Yesterday, a client told me a story about a friend of hers at another company. A company reorganizing its communications department by stuffing it full of marketers with no particular communications expertise.
My client said something like, “But can they write?” And her friend replied confidently:
“Oh, anyone can write.”
Reader, I screeched in horror.
Fortunately my client was right there with me. She understands that while anyone can write—most people have the requisite number of fingers to work a keyboard, the opposable thumbs to hold a pen—not everyone should.
“Anyone can write?” Have you read some of the stuff out there?
Some people are born storytellers. They captivate their audiences with memorable messages that stick long after the speech is over, the opinion piece read.
Other people…well, they’re handy to have around when insomnia strikes.
Of course, most of us write every day. Emails, texts, Mother’s Day cards (that’s your Public Service Announcement: it’s tomorrow).
But stringing words together to thank Mom for the meatloaf, or to remind your colleagues about the strategy meeting on Monday—that’s not writing. It’s not going to inspire anyone (well, maybe Mom). It’s not something you need your readers to remember forever; just until the meeting starts.
How many mush-mouthed corporate mission statements have you read? How many reports that say nothing? Or—the opposite sin—that say so much you can’t uncover the real message? Those, my friends, were written by Anyone—the “anyone” who “can write.”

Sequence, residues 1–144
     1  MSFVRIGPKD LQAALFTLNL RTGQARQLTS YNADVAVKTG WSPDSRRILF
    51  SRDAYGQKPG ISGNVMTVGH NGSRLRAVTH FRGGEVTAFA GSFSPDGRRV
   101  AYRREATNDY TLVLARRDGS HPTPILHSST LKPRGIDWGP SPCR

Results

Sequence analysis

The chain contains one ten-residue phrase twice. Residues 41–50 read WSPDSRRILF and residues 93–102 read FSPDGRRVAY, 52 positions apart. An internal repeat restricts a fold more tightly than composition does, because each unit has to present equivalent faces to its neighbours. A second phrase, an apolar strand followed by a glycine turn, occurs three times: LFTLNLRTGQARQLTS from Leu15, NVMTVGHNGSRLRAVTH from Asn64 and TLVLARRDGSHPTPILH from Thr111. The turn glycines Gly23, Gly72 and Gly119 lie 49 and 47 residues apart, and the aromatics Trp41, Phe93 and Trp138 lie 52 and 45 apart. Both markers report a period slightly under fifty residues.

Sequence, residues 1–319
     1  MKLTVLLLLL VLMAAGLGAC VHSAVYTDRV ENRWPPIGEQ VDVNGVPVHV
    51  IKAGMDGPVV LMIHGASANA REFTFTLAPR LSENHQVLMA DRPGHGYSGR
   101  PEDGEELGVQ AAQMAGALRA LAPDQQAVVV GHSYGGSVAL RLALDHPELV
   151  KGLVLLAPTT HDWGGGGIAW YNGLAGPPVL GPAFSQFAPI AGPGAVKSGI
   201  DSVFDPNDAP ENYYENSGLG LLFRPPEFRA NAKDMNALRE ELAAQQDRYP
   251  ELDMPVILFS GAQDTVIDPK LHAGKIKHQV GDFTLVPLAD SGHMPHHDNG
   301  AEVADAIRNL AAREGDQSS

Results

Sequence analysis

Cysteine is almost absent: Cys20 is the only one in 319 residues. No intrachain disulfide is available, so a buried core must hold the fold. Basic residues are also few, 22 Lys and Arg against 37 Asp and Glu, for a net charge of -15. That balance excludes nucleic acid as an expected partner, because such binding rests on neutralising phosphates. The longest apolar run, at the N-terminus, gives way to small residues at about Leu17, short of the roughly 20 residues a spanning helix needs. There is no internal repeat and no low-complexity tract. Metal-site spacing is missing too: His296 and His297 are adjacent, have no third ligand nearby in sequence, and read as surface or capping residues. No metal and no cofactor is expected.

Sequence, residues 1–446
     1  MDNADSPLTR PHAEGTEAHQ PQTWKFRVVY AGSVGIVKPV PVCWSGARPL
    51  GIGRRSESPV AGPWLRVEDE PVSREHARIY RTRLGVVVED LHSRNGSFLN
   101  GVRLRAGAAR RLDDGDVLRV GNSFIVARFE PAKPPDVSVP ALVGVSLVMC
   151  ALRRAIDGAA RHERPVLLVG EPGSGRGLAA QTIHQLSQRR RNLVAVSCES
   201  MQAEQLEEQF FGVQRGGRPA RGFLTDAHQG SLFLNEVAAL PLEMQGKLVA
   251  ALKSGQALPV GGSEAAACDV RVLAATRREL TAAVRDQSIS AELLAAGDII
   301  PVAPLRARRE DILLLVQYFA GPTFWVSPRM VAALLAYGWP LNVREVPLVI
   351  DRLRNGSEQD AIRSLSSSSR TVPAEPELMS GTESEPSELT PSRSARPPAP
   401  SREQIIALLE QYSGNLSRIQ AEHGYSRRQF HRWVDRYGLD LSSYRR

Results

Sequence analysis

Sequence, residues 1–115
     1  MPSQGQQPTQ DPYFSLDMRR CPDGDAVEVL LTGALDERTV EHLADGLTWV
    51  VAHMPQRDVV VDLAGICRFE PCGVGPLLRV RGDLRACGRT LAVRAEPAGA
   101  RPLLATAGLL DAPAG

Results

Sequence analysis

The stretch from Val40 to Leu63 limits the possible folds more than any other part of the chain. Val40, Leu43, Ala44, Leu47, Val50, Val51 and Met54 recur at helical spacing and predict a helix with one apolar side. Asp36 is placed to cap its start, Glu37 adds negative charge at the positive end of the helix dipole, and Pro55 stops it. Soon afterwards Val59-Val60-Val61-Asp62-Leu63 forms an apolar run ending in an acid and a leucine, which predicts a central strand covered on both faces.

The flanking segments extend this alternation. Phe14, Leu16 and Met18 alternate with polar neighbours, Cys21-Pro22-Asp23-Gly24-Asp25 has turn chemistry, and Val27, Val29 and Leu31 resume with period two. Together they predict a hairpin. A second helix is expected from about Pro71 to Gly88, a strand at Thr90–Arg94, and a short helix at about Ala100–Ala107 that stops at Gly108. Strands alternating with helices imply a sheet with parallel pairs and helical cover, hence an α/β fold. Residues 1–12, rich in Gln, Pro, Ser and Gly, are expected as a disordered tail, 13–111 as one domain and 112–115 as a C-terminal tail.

Anyone can learn to write
Now, there’s hope for Anyone—because Anyone can learn to write. But, as with everything, the first step is recognizing you have a problem. In this case, it’s the company’s problem: they don’t understand why good writing matters.
I’ve always said that my favorite clients were smart enough to know good writing when they read it, but too busy to do it themselves. That’s where I come in.
Now that I’ve added webinars to the mix of services I offer, I should tweak that slightly:
My favorite clients are smart enough to know good writing when they read it and savvy enough either to get the support they need to do it themselves or to find a great writer to do it for them.
Okay, that’s a mouthful. I’ll work on it.
Still, I feel sorry for those poor marketers being shoehorned into comms jobs because the boss thinks “anyone can write.”
Anyone—if you’re reading this, call me. I can help.